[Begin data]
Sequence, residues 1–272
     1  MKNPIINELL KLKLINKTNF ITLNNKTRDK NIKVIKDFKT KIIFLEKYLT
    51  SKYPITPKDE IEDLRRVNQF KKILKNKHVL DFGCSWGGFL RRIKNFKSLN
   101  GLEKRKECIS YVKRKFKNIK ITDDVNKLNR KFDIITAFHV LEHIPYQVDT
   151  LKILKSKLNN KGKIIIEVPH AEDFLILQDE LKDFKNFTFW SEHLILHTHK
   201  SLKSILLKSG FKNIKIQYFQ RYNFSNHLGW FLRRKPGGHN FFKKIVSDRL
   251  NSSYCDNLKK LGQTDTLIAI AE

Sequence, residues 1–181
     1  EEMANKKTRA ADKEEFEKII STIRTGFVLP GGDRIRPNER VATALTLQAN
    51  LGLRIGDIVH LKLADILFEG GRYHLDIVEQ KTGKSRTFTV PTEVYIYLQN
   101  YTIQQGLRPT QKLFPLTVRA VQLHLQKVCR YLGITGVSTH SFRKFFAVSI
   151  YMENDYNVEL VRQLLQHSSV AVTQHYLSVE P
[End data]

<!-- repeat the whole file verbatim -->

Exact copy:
Sequence, residues 1–272
     1  MKNPIINELL KLKLINKTNF ITLNNKTRDK NIKVIKDFKT KIIFLEKYLT
    51  SKYPITPKDE IEDLRRVNQF KKILKNKHVL DFGCSWGGFL RRIKNFKSLN
   101  GLEKRKECIS YVKRKFKNIK ITDDVNKLNR KFDIITAFHV LEHIPYQVDT
   151  LKILKSKLNN KGKIIIEVPH AEDFLILQDE LKDFKNFTFW SEHLILHTHK
   201  SLKSILLKSG FKNIKIQYFQ RYNFSNHLGW FLRRKPGGHN FFKKIVSDRL
   251  NSSYCDNLKK LGQTDTLIAI AE

Sequence, residues 1–181
     1  EEMANKKTRA ADKEEFEKII STIRTGFVLP GGDRIRPNER VATALTLQAN
    51  LGLRIGDIVH LKLADILFEG GRYHLDIVEQ KTGKSRTFTV PTEVYIYLQN
   101  YTIQQGLRPT QKLFPLTVRA VQLHLQKVCR YLGITGVSTH SFRKFFAVSI
   151  YMENDYNVEL VRQLLQHSSV AVTQHYLSVE P